“When you put your entire subscriber base at risk every four weeks because you can’t process a payment, then you have nothing — that’s far different than the print world,” Huber explained, adding that 62% of “stops” among digital subscribers happened because the Times just couldn’t process the payment. Sometimes, a card’s expiration date changed or a card was replaced, for example.

To address this issue, the paper improved its dunning process — that is, the process of communicating with customers to try to collect payments due — by sending pre-notifications and revising messaging, among other tactics.

Meet customers where they are

Finally, the Times optimized conversion by ensuring customers have easy access to its payment portal so they’re incentivized to subscribe. Many readers don’t arrive on the Times’ website via its homepage, but rather through a newsletter, a breaking-news alert, an in-app notification or something else, according to Huber.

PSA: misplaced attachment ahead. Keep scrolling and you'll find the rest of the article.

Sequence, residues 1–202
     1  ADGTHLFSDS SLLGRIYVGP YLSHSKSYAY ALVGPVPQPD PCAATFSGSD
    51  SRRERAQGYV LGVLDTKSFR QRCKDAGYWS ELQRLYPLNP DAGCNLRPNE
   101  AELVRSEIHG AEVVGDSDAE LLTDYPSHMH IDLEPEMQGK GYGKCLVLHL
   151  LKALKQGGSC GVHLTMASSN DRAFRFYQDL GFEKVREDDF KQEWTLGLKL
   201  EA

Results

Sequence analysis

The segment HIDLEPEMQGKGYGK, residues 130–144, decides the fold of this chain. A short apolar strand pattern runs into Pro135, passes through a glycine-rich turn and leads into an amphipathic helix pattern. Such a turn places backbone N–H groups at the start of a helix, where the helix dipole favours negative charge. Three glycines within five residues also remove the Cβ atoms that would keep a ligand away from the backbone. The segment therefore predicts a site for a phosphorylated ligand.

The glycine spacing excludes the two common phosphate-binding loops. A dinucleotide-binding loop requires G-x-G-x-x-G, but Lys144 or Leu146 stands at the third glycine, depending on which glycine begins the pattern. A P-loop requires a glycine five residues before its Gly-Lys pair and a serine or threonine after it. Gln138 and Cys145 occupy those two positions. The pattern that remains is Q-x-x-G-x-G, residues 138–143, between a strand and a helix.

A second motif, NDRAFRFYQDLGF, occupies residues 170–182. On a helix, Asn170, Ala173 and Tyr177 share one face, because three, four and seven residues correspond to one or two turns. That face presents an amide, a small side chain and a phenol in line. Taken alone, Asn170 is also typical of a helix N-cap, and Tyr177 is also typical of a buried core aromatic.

That’s why the paper is focused on deeply engaging readers with Times journalism, and providing multiple pathways to subscribe via its various news products. “It’s this focus on content and finding out where they are, and surfacing content in front of them” because readers are more likely to pay for something they value, he explained.

Much like the Times and the Sentinel, Vermont-based investigative journalism outlet VTDigger applied similar best practices when reducing friction in its checkout process. For example, VTDigger has an address form field, but it’s optional and can be autofilled.

The publication also pays a lot of attention to website responsiveness, not just with the latest iPhone, but also older devices. If a customer is on an old device that VTDigger doesn’t support, its site shows a message saying, ‘“We’re really sorry if this is not the best experience for you. Please call Florencio [Terra, the membership and development coordinator]. He’ll help you,’” said Stacey Peters, a full-stack web developer who oversees VTDigger’s technology solutions.